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teaching at university

Yosuf Ali
2 min read

I only recently realised it's been a very long time since I last I last posted a piece. Almost a year. I was going to put a lot of content into this one post, but I thought it'd be better to separate them out.

I guess it's been an interesting year. I spent the previous (my second) academic year working at my university, teaching first-year computer science students which was pretty cool. One of the reasons why I decided to apply for the position was to solidify my understanding of what I'd learned myself the year prior. You can't really teach something you don't know. But the other motivation was to get out of my comfort zone and to develop myself in ways more than just technical. Public speaking isn't exactly my forte, but it's a skill I feel I'll probably need in the future. Teaching a room of 30+ students is a good stepping stone, and it turns out I'm not so bad at it now.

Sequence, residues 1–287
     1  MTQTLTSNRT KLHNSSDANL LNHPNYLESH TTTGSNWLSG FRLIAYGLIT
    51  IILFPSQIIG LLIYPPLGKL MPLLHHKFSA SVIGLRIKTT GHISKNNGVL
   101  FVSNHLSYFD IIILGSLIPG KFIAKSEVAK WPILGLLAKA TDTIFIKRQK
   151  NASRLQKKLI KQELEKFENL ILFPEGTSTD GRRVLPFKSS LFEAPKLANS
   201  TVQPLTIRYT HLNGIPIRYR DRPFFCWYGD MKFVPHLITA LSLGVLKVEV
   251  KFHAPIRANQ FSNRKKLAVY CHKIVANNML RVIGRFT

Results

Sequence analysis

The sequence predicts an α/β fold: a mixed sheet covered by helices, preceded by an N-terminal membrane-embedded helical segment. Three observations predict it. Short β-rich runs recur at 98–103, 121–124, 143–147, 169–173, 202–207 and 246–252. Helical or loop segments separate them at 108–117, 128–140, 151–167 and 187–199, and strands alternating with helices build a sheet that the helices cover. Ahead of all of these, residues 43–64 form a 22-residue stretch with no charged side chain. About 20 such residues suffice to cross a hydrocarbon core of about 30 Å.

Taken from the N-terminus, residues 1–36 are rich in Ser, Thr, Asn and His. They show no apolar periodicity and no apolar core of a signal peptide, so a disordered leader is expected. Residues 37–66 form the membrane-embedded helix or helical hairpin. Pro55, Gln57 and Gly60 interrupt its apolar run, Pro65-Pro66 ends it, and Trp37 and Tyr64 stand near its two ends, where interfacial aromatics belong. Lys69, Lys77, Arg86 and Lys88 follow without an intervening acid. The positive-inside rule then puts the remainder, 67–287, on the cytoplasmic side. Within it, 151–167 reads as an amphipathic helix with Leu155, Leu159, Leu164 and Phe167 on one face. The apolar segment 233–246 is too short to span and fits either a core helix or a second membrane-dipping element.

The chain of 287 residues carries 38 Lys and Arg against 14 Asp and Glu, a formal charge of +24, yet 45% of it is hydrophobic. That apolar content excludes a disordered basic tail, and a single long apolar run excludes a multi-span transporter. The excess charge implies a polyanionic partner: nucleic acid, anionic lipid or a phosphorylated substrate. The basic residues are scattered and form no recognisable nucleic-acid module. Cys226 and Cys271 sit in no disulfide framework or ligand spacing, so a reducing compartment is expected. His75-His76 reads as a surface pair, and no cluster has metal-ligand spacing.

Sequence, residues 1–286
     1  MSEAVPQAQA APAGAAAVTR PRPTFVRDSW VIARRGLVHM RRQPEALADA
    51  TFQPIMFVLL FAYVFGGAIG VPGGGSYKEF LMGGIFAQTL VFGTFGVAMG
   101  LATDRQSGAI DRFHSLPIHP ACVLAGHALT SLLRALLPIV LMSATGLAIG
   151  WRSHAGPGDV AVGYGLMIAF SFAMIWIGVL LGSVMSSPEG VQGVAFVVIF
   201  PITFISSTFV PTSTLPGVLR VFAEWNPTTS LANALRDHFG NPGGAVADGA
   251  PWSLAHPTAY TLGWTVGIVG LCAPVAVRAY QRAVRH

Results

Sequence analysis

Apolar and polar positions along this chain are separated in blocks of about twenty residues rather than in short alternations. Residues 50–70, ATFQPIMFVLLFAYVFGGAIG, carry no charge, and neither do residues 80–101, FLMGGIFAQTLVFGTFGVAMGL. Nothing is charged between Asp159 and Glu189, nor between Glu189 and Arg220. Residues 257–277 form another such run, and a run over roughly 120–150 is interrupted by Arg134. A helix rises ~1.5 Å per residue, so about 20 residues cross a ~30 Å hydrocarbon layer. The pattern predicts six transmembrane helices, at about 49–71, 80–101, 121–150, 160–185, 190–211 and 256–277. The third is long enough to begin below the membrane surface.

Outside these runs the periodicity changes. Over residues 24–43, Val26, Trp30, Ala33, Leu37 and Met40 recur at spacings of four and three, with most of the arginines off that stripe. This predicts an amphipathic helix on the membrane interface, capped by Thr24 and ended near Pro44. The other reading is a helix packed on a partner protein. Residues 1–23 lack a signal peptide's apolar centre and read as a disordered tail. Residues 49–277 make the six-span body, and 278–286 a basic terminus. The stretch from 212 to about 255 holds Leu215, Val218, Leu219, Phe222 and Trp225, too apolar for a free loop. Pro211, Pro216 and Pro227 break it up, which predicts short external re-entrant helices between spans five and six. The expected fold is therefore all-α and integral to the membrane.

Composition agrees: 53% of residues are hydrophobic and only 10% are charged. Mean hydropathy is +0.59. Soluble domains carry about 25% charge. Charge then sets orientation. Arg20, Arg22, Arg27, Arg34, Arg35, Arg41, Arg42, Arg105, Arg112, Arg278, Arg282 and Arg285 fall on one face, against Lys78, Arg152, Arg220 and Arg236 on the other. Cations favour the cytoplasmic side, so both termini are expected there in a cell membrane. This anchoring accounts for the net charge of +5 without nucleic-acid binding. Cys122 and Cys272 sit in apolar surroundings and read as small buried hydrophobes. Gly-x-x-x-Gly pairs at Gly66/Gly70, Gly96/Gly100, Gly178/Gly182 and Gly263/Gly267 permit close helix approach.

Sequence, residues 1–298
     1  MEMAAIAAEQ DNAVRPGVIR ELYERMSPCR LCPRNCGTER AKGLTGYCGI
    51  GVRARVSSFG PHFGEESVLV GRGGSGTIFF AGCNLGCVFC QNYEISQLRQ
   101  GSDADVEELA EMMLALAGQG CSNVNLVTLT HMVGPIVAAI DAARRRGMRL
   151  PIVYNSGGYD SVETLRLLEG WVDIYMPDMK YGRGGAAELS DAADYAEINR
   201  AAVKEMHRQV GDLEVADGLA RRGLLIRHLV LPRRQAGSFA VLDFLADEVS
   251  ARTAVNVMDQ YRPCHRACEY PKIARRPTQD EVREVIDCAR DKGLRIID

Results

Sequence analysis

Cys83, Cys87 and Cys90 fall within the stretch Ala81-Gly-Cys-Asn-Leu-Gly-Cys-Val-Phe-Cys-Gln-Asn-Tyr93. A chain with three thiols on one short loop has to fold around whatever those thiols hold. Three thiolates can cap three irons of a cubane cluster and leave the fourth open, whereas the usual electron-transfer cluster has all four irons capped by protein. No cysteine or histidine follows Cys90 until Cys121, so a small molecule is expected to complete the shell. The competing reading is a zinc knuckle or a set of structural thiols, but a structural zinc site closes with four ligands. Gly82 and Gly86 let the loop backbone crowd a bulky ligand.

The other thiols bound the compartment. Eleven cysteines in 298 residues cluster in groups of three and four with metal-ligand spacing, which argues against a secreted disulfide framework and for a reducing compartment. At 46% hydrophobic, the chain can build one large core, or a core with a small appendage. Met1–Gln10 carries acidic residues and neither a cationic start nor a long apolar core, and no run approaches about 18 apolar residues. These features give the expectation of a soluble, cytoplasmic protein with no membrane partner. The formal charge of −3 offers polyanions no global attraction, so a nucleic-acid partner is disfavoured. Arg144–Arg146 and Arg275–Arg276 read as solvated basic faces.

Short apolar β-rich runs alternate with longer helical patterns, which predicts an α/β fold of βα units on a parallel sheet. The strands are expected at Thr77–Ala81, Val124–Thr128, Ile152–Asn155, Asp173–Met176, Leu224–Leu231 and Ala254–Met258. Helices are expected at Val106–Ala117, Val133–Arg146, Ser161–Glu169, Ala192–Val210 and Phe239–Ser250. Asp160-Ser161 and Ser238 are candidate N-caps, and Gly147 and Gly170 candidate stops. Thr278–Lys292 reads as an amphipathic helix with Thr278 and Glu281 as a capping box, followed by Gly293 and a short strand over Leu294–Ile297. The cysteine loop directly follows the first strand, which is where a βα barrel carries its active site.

If you're the smartest person in the room, you're probably in the wrong room.

It also meant I got to spend my day to day hours with teaching assistants, lecturers, and professors. Multitudes more contact hours with super smart people. Spending time with their combined knowledge was another reason why it was so compelling to work there.

Spending a year teaching at university gives you a real appreciation of how much effort the teachers and staff go to. I mean you'd think of course it's hard, they're teaching at university. But it's hard to fully acknowledge the lengths those who genuinely care about teaching will go to to do a great job.

I stopped teaching at City at the end of June because I found a summer internship. Referring to my teachers as my colleagues took some getting used to. But I'm glad I had the opportunity to spend more time with such hardworking people and to teach some awesome humans.


Also, see if you can spot me in the cover photo of this post.

It's from a two-week coding bootcamp that take's place at the beginning of the first-year Computer Science course at City. It's a rigorous introduction to programming using the Processing programming language, which is based on Java. At the end of the two weeks, the students present what they've managed to build during that time at a fair, which is what's happening in the picture.